Libyan Convicted in Lockerbie Trial May Be Innocent — Jun 28th 2007
A former Libyan intelligence agent sentenced to life for the bombing of Pan Am Flight 103 may have been wrongly convicted, concluded a Scottish panel today. In its 800-page report, the Scottish Criminal Cases Review Commission (SCCRC) stated that Abdel Basset Ali al-Megrahi may have "suffered a miscarriage of justice" during his 2001 trial, reports the Associated Press
. The panel recommended that al-Megrahi be granted a new appeal.
''The commission is of the view, based upon our lengthy investigations, new evidence we have found and other evidence which was not before the trial court, that the applicant may have suffered a miscarriage of justice,'' wrote the SCCRC.
Abdel Basset Ali al-Megrahi was the only person convicted in the bombing, the worst terrorist attack in British aviation history. Pan Am Flight 103 exploded over Lockerbie, Scotland on Dec. 21, 1988, killing 259 people, including 11 on the ground. There were 179 Americans on the plane, including 35 Syracuse University students.
Specifically, SCCRC's report raised questions about the testimony of Tony Gauci, a store owner in Malta, notes the AP. During the trial, Gauci testified that a man resembling al-Megrahi purchased clothing at his store--apparel that was later linked to the bomb on the plane. But defense lawyers said that Gauci had earlier seen a photo of al-Megrahi in a magazine article about the bombing, reports today's Guardian
Al-Megrahi, pictured above, who has long insisted that he is innocent, lost an appeal case in 2002. But questions persist among families of the victims. Some have questioned whether the Pan Am bombing was retaliation for the US Navy's accidental shooting of an Iranian Airbus passenger jet in the Gulf in 1998, a tragedy that killed 290 people.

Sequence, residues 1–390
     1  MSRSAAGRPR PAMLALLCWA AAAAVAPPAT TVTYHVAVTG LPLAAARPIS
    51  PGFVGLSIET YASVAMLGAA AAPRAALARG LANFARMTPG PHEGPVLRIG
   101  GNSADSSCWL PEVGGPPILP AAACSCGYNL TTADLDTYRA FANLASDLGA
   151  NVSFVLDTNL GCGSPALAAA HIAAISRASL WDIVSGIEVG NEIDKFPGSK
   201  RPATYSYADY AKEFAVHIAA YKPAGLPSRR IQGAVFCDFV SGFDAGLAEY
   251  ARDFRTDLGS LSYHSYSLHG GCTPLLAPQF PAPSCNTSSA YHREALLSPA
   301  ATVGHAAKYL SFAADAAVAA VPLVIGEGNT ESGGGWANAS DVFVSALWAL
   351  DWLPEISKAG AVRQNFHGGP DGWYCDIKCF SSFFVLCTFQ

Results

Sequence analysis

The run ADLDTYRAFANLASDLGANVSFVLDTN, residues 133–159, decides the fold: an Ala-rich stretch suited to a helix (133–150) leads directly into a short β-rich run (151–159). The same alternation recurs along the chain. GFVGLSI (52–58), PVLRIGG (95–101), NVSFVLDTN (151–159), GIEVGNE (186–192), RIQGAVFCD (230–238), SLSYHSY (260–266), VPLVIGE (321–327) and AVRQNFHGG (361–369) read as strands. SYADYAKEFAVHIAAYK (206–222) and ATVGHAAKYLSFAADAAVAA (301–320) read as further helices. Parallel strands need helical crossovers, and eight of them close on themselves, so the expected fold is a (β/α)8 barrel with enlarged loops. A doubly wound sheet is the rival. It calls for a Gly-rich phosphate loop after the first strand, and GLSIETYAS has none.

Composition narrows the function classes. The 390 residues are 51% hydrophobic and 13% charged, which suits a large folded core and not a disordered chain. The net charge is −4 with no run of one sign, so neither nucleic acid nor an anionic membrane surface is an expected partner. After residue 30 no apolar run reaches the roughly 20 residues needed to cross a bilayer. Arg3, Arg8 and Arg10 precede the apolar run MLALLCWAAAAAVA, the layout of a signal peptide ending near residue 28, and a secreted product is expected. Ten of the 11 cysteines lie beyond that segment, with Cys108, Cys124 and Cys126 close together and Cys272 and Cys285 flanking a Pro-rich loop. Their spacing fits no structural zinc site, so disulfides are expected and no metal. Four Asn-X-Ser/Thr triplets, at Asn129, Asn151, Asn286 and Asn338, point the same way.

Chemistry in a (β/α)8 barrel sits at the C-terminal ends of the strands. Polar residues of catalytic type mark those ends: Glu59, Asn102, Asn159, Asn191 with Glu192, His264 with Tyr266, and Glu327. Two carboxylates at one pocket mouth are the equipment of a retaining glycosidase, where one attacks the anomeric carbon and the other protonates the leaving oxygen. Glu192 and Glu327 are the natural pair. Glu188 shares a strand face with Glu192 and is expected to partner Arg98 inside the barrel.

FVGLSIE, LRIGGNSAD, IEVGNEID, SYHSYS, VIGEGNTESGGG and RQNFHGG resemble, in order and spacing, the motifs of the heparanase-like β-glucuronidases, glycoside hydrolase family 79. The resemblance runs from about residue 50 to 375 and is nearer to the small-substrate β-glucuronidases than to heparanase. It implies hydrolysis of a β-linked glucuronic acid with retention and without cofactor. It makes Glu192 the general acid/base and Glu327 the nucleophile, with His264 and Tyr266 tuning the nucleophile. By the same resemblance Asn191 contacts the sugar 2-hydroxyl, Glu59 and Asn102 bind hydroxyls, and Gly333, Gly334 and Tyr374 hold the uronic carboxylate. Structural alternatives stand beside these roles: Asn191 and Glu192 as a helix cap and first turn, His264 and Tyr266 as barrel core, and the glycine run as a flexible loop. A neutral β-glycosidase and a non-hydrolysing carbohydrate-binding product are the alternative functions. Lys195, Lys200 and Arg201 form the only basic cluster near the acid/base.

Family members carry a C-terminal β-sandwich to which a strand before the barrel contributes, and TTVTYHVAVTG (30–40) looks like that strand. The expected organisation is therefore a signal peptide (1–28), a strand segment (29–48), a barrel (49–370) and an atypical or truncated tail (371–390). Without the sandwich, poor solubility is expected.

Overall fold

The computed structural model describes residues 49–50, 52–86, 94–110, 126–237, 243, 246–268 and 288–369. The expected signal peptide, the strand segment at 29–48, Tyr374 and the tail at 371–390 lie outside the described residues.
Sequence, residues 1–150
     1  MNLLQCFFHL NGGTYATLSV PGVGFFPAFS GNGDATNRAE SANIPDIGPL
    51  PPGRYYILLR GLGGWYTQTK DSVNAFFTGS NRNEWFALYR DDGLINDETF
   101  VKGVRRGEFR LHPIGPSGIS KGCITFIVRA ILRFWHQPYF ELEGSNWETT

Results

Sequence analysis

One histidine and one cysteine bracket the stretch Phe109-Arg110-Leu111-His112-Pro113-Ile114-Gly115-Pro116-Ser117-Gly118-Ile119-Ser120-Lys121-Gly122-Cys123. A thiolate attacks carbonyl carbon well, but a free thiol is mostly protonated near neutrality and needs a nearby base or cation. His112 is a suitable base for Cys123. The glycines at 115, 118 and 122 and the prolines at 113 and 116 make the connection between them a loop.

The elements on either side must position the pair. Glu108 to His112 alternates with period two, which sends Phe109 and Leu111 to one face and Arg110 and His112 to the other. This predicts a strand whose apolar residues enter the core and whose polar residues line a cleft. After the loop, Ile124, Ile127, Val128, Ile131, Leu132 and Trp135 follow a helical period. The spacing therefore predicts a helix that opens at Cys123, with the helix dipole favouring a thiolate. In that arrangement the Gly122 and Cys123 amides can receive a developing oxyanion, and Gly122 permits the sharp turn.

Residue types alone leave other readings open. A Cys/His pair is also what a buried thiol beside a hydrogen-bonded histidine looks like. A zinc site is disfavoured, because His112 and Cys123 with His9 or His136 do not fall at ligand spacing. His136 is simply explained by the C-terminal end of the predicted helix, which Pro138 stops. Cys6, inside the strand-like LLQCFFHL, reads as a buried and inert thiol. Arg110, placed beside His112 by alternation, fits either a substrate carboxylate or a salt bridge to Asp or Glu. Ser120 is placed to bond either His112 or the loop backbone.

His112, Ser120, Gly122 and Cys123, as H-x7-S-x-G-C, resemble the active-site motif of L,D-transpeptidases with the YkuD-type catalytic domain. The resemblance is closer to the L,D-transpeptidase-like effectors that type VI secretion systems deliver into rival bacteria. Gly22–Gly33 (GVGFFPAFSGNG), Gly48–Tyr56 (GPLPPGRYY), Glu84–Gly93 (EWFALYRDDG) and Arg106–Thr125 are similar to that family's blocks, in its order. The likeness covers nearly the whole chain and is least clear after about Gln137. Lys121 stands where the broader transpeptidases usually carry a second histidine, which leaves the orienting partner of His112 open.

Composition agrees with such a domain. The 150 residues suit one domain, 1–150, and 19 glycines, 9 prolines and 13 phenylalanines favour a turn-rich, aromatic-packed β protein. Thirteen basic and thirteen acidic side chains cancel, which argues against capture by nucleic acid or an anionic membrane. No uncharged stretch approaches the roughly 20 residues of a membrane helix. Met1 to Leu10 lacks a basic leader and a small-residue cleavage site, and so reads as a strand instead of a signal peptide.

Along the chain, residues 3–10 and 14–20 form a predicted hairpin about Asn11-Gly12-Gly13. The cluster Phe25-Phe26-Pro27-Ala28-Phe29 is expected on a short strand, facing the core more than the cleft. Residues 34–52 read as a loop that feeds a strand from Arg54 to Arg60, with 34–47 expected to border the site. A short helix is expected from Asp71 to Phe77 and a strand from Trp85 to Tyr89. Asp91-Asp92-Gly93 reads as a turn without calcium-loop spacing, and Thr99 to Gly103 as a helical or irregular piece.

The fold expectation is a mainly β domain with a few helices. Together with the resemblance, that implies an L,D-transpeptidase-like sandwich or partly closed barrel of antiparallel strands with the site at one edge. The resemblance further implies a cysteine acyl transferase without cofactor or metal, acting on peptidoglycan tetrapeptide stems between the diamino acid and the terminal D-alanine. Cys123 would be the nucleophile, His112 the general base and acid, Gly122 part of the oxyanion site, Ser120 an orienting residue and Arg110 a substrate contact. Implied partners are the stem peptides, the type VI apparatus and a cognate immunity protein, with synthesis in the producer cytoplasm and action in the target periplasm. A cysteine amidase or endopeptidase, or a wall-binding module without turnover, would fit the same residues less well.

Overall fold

In 2002, Eddie MacKechnie, al-Megrahi's attorney, stated a suspicious payout had been made by the Iran government, citing a CIA agent as the source. "An $11m payment was made by the government of Iran to the Popular Front for the Liberation of Palestine General Command two days after the atrocity," MacKechnie told the London Independent
, adding that evidence was never mentioned during his client's trial.
Jim Swire, whose daughter Flora was killed on Flight 103 and who speaks on behalf of victims' families, told Reuters
that "Iran had the most potent motive of anybody for destroying an American airliner."
In 2003, the Libyan government agreed to pay $270 million in compensation to families of the Lockerbie victims. According to the Scotsman,
each family received $8 million. Libya may seek to recoup that money from the Scottish Executive branch, the country's legal arm. A source quoted in the Scotsman
said: "They are considering very seriously claiming that money if Megrahi is freed, but they have not yet decided. The question is who they will claim it from. It will not be from the families."
Another group likely watching these events: former employees of Pan Am. Executives at the airline, which was already suffering financially before the bombing, blamed its ultimate demise partly on a drop in international air traffic following the Lockerbie tragedy. The airline eventually wrangled a $30 million legal settlement with Libya
after the families were compensated. Much of that settlement was used to pay employees last summer, many of whom were still owed money when Pan Am filed for Chapter 11 bankruptcy in January 1991.
More links on the web: The Scotsman's archive The Guardian's archive Syracuse University page